Tag Archives: adult

Peter Pan

Do You Have Peter Pan Syndrome?

Do you remember Peter Pan? You know the boy who doesn’t grow up. I mean, who doesn’t want to stay a child forever? Life was easy as a child, less responsibility, more fun and way fewer worries to consume our days with.

But, as an adult there comes a time when you have to grow up. At some point, you need to take on adult responsibilities and shift your priorities. Unfortunately, we are not surrounded in the magic that can keep us children forever. Growing up and shifting priorities is not a smooth transition for everyone. Some adults truly struggle with this change, which is why the term “Peter Pan Syndrome” was coined by psychologists.

What are some of the characteristics of Peter Pan Syndrome?

1.) Unwillingness to work hard when you aren’t motivated. We all know how hard it can be to get things done when you don’t feel like doing something, but unfortunately being an adult sometimes means doing things you don’t want to do.

2.) Dabbling in many different things. Rather than focusing your time on honing one skill, a person who has Peter Pan Syndrome might spend their time trying a bunch of different things because they can’t pinpoint the one skill they want to master.

3.) Aversion to networking. Meeting successful people in your career field of choice can be hard, yet necessary to find a job and/or move up in a position. You have to put yourself out there, talk and learn from others.

4.) Focusing on the long shot. We are all told to dream big, but at some point, you might need to shift gears from trying to make it big as a musician or a film star and instead focus on a more realistic area of interest. Maybe instead of trying to be a multi-billionaire rockstar, you become a music teacher. Or instead of focusing all your energy into being a successful actor, teach a theatre class.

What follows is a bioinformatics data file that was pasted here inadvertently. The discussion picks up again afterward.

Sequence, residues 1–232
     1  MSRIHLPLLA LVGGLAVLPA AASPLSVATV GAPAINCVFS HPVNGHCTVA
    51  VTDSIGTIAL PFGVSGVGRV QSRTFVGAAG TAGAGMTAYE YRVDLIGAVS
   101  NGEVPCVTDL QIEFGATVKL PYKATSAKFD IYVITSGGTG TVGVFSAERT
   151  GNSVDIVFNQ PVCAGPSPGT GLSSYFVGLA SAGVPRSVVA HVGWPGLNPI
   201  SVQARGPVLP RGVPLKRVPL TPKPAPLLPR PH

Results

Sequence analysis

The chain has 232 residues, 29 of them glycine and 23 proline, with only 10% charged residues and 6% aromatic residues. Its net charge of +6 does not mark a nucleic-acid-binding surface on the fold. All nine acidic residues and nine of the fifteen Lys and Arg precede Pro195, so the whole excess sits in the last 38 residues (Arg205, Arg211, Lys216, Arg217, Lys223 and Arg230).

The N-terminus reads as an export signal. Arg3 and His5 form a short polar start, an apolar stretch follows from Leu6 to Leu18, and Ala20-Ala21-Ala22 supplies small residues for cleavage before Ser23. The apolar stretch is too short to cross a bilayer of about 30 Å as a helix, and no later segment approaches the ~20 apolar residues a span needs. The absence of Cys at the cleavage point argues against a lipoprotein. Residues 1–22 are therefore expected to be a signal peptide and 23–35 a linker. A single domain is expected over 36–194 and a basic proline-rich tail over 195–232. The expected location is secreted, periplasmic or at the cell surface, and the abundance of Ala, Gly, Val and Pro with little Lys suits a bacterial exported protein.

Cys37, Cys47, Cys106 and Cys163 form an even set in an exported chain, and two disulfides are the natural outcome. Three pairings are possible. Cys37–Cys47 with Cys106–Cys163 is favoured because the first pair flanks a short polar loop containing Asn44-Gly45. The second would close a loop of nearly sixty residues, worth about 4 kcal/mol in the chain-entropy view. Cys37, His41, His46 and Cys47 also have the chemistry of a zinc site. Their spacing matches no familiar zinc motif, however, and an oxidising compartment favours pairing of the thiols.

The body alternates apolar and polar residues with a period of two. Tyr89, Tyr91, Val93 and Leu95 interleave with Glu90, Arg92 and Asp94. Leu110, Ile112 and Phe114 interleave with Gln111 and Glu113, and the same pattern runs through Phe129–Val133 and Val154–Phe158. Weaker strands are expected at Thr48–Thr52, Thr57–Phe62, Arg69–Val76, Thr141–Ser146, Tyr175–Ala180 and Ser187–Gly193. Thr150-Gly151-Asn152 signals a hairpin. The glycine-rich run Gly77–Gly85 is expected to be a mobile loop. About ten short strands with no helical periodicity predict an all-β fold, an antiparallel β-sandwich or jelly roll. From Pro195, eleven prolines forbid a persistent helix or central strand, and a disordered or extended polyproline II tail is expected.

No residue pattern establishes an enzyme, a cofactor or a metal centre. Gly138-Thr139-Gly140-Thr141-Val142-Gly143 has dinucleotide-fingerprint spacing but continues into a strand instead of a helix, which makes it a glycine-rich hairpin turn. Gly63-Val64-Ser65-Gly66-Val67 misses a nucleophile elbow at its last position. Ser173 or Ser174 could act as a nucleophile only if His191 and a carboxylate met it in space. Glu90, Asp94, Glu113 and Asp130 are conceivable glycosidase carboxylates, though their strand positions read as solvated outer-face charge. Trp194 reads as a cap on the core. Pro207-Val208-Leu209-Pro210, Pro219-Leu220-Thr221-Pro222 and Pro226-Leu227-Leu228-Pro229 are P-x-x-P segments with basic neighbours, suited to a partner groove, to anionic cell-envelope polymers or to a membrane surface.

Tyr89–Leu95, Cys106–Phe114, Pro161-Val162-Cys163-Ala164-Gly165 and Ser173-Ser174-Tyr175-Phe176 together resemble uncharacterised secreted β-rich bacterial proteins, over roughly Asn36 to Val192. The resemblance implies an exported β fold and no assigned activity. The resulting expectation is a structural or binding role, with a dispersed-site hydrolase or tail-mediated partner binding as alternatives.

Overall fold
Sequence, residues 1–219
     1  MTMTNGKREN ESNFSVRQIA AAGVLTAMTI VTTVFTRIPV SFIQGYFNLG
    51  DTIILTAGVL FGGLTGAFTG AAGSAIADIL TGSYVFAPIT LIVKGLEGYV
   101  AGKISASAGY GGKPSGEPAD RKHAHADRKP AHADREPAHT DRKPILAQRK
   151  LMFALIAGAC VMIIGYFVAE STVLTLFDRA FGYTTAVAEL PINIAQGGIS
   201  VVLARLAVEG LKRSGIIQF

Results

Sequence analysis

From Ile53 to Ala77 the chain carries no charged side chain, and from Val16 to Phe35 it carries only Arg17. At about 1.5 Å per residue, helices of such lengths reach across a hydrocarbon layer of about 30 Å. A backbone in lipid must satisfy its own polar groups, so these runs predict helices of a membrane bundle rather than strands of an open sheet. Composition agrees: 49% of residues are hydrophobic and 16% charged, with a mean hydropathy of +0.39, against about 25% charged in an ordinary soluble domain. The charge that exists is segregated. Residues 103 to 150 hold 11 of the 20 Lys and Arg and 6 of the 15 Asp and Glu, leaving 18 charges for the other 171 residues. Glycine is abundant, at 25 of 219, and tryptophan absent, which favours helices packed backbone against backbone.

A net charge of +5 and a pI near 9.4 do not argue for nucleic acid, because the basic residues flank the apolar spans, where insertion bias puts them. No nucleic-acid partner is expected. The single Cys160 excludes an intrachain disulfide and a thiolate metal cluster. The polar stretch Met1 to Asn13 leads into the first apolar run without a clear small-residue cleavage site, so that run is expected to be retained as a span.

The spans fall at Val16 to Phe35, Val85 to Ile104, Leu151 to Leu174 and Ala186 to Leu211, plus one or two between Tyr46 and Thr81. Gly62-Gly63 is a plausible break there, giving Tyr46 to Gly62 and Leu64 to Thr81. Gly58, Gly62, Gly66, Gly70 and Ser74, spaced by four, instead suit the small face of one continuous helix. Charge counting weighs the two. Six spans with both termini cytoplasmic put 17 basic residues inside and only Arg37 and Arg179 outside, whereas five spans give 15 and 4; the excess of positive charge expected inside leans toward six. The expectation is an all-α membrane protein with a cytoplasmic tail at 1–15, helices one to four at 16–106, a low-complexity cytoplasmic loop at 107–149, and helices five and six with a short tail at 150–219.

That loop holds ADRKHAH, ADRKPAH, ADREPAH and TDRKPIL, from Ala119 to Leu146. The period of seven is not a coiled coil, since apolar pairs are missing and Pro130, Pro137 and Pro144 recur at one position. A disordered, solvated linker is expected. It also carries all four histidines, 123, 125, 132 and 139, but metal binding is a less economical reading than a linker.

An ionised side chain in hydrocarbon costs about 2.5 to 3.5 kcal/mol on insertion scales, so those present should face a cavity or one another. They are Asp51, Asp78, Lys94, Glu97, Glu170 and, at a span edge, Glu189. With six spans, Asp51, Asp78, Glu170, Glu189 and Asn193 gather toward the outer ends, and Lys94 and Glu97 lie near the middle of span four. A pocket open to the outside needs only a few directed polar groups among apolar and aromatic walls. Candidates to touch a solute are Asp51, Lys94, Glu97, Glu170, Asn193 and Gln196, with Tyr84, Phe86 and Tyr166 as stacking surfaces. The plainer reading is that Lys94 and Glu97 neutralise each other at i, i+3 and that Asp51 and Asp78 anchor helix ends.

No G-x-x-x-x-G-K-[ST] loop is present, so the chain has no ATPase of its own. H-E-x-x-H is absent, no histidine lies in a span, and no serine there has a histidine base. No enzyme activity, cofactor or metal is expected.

5.) Abusing alcohol and drugs. These types of behaviors while often linked to addiction or other mental health conditions, can make finding and keeping a successful job difficult. It can make adulting that much harder to do.

6.) Blaming your failure on an external source. Often those having difficulty growing up don’t want to accept that they aren’t successful in their careers because they aren’t motivated to try, and instead want to blame it on something their parents, spouse, or former employer did/said. The truth of the matter is some people have come from war, hunger, poverty, abuse, etc. and have come out successful. It is all about finding that motivation to go after the life you want.

If you identify with one or more of these characteristics it might be helpful to talk to a licensed mental health professional, life coach, or career counselor who can help to guide you on the path for success. The first thing you have to do is realize that to be successful in a career you will need to grow up, as hard as that is, and if you are struggling with that reality there are tools to help you. Anyone can succeed in life and career, it will just take some willingness to make changes.

Adult Passions Stem From Childhood

Your experiences and major life events as a child can have a big impact on who you are as an adult. They have the ability to transform and shape you into the person you become. 

If you experienced poverty in any form as a child you may have the drive to help others in the same position as an adult. Maybe you were just a witness to some tough situations and you felt moved to make a difference in the lives of others who face similar circumstances. 

If you have experienced some type of injustice or tragedy it may influence you to work to advocate for others or to be a leader in a movement for reform. These experiences left a mark on your soul, a wound, a scar that has influenced your future actions. 

Impacting who we become

Injustice, tragedy, poverty, all of these things and more help us to take a stance on issues. There are many things that happen in our lives that lead us to who we become as adults. Whether they be traumatic, life-altering, eye-opening events, or consistent behaviors we experience as children they all contribute to who we are and why we behave in certain ways. They can be negative turned positive and lead you to help others. Or they can continue to fuel negatively in our lives and lead to unhealthy actions. You have the ability to turn negative into positive, you just might need a little help figuring out how to move forward.

Seeking help from a licensed mental health professional can help you to identify these events and how they have molded you into the person you are today.  A counselor can help to teach you healthy coping mechanisms and encourage you to use your negative energy for positive results. You are stronger than you think you are and you have the ability to end the cycle and create change.